Once denuded of their fur, Nina explained that 40% of rabbit meat is in the legs and she showed us how to break it down into different parts for cooking. She explained that you can use the liver and the tiny kidneys but showed what to look and smell for to check that they’re fresh. She suggested that the thin belly flesh could be used as a casing to wrap around a filling instead of bacon.
Everyone crowded round the North Star Deli open kitchen whilst James and Nina explained the simple mechanics of setting up a smoker in your own kitchen. Nina had soaked some of the hare loins in brine the day before and then popped them on a rack in a casserole dish lined with aromatic and gently smouldering wood-chips.
Unfazed by flying flesh and fur, Charlie the Wine recommended wines to match. He turned to Italy with an easy drinking, velvety 2010 Moltepulciano Classici Don Zonin at only £7.50 per bottle, showing that you can indeed eat and drink like a 17th century Italian count on a 21st century students budget.
Nina and James then brought out a succession of inspired dishes. First was the lightly smoked hare loin served with sautéed beetroot and creamy mashed potato.
Next, a poached ballotin of rabbit and spinach with the liver and kidneys, wrapped in bacon and served on a slice of buttery fried polenta.
The following dish was a pleasant surprise as Nina successfully combined hare with coffee. James Guard from The Coffee Circle has created a special blend of espresso for them which Nina used to make savoury pancakes stuffed with a chicken farce and the richly dark hair loin. This was served with an earthy celeriac mash and a savoury sauce made with more of the coffee and a touch of whiskey.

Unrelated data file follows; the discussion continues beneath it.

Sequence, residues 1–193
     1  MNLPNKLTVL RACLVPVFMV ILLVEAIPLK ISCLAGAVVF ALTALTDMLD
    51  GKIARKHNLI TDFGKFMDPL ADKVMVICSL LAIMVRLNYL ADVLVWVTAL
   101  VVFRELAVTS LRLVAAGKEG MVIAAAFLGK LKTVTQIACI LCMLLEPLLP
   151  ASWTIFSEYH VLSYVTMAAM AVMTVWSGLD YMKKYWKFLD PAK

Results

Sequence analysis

The final dish of the night was a taste sensation, one that will hopefully be in The Moocher’s repertoire when they start producing hot food at festivals and farmers markets. Rabbit in an oriental marinade, dipped in cornflour and deep fried.
Many thanks again to James and Nina from The Moocher. Have a look at their website or make a point of visiting them at their regular farmer’s markets. They produce a range of sauces and potted seasonal game using foraged and fresh ingredients. They’re also getting a great reputation for their freshly baked pies, sausage rolls and giant slabs of crispy pork crackling. The Moocher are available for private catering and foraging/cooking lessons for small groups.
Click here to see a full gallery of pictures of #MEATCLUB03.
The St George’s Day MeatClub#04 will be at The Parlour, Beech Rd, Chorlton on April 23rd, when Lee Frost will be showing us how to break down a whole spring lamb. Chef Paul and his team will be producing a variety of small dishes using pretty much everything from front to fluffy tail.
Keep an eye on @McrMeatClub for booking details.